The photo was courtesy Bernie
Bob" himself. Terry needed the worst possible picture of Windsor.
One of the tests of a parody issue's success is if some people actually
believe it's the real thing. (Someone on an Internet message board once succinctly
put it as "Satire works best when not everyone gets it.") I'm
happy to report Terry witnessed a man looking at The Globe and Mail and
Windsor Star in my mother's Second Cup and loudly taking offense to the
Globe running this picture of Windsor.
"This isn't a great picture of Windsor! It doesn't represent Windsor
at all! Why couldn't they run a picture of Jackson Park?"
Francesca Lorenzo was a
reference to a long-time Lance and CJAM bon vivant named Lorenzo
The bit about the high-speed
bullet train is in reference to countless studies that call for a
high-speed train (what we call a bullet train and what the Japanese call a shinkansen and never ever refer to as a
"bullet train") to be built between Windsor and Montreal (aka the
Windsor-Toronto-Montreal rail corridor). Despite countless studies saying
how much sense it makes, it's just never going to get built. Ever. Probably
because part of it has to pass through Windsor and Toronto. Two cities in
the nation governments are reticent to throw money at, albeit for polar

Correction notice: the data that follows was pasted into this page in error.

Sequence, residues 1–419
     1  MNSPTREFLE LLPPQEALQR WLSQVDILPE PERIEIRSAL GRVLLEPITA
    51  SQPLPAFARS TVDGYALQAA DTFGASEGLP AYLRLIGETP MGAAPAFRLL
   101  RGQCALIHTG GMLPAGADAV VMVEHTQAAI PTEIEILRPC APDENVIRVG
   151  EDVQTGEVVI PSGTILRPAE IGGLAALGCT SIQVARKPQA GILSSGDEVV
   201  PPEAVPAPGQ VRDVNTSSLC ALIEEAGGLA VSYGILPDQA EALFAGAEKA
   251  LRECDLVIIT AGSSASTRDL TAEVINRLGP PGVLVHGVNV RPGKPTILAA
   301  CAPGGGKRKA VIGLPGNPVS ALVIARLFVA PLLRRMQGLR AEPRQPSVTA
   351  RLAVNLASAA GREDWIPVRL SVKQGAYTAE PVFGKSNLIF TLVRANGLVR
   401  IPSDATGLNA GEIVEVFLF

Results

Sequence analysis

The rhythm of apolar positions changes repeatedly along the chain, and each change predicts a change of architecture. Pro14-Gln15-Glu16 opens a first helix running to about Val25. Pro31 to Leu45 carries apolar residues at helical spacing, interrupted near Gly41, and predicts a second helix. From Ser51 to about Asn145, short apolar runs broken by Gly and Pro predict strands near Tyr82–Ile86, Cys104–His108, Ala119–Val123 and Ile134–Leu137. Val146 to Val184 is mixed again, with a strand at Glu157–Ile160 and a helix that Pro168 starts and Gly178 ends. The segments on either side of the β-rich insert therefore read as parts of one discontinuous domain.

"Let me answer that in two
parts…" This is a reference to a British book/TV comedy called Yes,
Minister. The book claims a good politician never answers a tough
question directly. He first states that the question has a two part answer,
which then allows for a lot of digression and prevarication.
Papau Doktari is a play on
Doc". The Merrill-Lynch-Touche-Ross-et al corporation is a play on
the large number of mergers that were going on in the accounting world at
that time. The Big 8 becoming the Big 7 then the Big 6 then the Big 5…
The gripe about the CBC was in reference to CBC
shutting down Windsor's CBC station. The TV market in the Detroit area is
huge. Owning a channel in the VHF spectrum in Detroit, with its 2 million
consumers, is a license to print money. No one in Windsor
could understand why the CBC refused to see the huge opportunity to not
only monetize privileged access to this American TV market but turn CBC
Windsor into a super station that broadcasts Canadian culture and tourism
opportunities to money-laden Americans.